Two more jurisdictions, Australia and South Africa, may now join the growing number of countries that impose criminal penalties for antitrust violations. The legislatures in both countries recently introduced legislation that amends their competition law statutes to criminalize cartel offenses. This is part of an international trend, as nations on five continents now follow the United States' approach of criminally prosecuting individuals (and corporations) for the most serious antitrust violations. High fines have become commonplace, and courts in a number of countries have imposed jail sentences. Combating cartels is a high priority for many antitrust enforcers worldwide, and criminal prosecution of individuals is seen as an effective deterrent to cartel behavior.
Following a slow but steady international trend, the legislatures in Australia and South Africa recently introduced legislation that amends their competition law statutes to criminalize cartel offenses.
The Australian Parliament is considering an amendment that would criminalize cartel conduct under the Trade Practices Act 1974. A key feature of the bill is that individuals found guilty of cartel conduct face imprisonment for up to 10 years and/or fines of up to AUD$220,000 (US$141,170). The bill covers price fixing; allocation of customer, suppliers, and territories; and bid rigging. The Parliament has referred the bill to the Senate Economics Committee, which will report back in late February.
South Africa's National Assembly has gone further and passed an amendment to its Competition Act 1998. The bill authorizes the criminal punishment of a firm's director or a manager, who caused the firm to engage in a “prohibited practice” or knowingly acquiesced in the firm doing so. The Competition Act 1998 covers price fixing, market allocation, and bid rigging. The law would impose fines of up to R500,000 (US$50,000) and/or 10 years imprisonment. Although the National Assembly has passed the bill, South Africa's President has refused to sign it due to undisclosed constitutional concerns. The amendment is expected to be retabled after the South African general elections in June 2009.
The laws in many countries around the globe now mirror the U.S. approach to sanctions for cartel offences. In the European Union, nine of the 27 member states criminally prosecute behavior associated with cartels (the Czech Republic, Estonia, France, Hungary, Ireland, Romania, Slovakia, Slovenia, and U.K.), and three more have criminal sanctions for bid rigging (Austria, Germany, and Italy). Elsewhere, countries with criminal sanctions for cartel offenses include Canada, Cyprus, Israel and Japan.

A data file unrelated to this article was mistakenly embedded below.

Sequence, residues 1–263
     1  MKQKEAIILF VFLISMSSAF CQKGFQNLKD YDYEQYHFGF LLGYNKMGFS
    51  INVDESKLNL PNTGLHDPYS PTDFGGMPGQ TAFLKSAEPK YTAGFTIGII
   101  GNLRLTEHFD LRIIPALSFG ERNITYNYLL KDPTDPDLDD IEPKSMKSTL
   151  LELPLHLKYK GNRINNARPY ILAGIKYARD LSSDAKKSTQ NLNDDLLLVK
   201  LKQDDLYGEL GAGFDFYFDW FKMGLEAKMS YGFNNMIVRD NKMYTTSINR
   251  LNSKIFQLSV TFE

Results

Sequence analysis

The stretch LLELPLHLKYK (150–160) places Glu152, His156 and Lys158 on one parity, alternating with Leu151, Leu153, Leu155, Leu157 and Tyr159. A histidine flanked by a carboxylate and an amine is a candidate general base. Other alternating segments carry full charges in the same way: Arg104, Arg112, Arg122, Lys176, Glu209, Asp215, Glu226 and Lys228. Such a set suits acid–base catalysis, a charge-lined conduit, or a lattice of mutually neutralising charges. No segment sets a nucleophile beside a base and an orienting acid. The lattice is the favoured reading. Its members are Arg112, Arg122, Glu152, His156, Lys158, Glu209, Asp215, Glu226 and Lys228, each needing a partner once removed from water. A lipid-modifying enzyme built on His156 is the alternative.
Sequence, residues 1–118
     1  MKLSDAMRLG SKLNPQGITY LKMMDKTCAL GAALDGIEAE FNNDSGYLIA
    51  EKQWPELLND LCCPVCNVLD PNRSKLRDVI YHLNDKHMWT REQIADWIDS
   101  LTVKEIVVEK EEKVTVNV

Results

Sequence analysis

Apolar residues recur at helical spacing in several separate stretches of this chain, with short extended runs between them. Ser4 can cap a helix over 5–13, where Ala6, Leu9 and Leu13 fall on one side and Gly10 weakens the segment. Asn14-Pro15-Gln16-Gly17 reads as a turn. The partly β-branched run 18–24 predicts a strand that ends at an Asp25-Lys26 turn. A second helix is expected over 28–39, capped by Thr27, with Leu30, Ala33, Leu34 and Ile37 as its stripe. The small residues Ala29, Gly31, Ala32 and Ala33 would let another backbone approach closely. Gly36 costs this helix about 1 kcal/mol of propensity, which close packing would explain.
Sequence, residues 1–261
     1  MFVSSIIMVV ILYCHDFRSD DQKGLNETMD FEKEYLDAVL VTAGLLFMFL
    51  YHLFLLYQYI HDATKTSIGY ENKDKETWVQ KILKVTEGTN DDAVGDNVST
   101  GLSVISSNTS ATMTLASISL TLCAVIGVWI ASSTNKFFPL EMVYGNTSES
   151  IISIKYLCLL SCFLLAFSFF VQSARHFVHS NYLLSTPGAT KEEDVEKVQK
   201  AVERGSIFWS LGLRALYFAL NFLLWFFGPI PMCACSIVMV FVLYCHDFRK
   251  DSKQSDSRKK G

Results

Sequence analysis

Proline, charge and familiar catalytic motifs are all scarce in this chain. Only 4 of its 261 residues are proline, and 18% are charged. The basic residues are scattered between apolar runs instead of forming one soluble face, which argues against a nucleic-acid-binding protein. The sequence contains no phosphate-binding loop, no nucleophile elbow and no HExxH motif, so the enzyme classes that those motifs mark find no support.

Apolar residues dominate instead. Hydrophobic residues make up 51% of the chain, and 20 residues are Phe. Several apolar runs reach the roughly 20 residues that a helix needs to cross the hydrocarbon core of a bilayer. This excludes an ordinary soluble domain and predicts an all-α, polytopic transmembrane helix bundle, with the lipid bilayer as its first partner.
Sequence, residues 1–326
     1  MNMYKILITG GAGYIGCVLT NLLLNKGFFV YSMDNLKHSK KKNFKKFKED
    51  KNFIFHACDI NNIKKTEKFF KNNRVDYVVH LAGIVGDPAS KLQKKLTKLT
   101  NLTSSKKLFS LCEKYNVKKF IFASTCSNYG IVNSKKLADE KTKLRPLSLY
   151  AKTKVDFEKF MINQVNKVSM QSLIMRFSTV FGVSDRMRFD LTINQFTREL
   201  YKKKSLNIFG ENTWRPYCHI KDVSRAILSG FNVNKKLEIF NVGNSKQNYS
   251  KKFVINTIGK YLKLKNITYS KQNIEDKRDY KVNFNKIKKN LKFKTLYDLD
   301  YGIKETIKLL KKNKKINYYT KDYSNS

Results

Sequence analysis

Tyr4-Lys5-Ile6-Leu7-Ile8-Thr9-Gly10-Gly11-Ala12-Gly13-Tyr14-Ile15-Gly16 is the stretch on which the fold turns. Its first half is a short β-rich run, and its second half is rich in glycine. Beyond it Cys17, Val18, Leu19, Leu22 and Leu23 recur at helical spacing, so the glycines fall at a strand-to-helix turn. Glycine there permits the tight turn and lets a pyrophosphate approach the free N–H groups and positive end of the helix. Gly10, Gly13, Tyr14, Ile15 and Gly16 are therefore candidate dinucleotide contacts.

Only the United States and United Kingdom actually have imprisoned individuals for cartel offenses. A notable recent example is the 2-3 years' imprisonment in the U.K. for three British businessmen involved in the marine hose industry cartel, imposed by both the U.K. and U.S. Other jurisdictions, such as Ireland and France, have sentenced individuals to jail for cartel crimes, but so far none of those individuals have actually served any jail time.
Although jail is the most severe penalty for cartel offenses, almost all of the world's 100+ antitrust enforcement regimes prohibit cartels and impose sometimes-extraordinary fines for cartel offences. In January 2009, an LG executive agreed to plead guilty and pay a $25,000 fine – on top of a 7-month prison sentence – for his role in a global conspiracy to fix prices of liquid crystal displays. A month before, LG pleaded guilty and was sentenced to pay $400 million. The EU too regularly imposes high fines for price fixing. Its largest cartel fine was imposed in November 2008 on automobile manufacturer Saint-Gobain, for €896 million (US$1.14 billion).
Convergence has led to increasing cooperation among competition authorities in detecting, investigating, and prosecuting cartels. In response, companies subject to antitrust investigations must be careful to coordinate any leniency applications, investigation responses, and plea agreements, so as to avoid having the response to enforcement in one jurisdiction compromise the defense in another. As more jurisdictions adopt and enforce legislation authorizing imprisonment for criminal antitrust offenses, individual defendants will find themselves negotiating how to serve jail sentences imposed by multiple jurisdictions. As the international trend towards criminalizing cartel offenses continues, it is important for companies operating in multiple countries to better understand these jurisdictions' antitrust and criminal laws and procedures.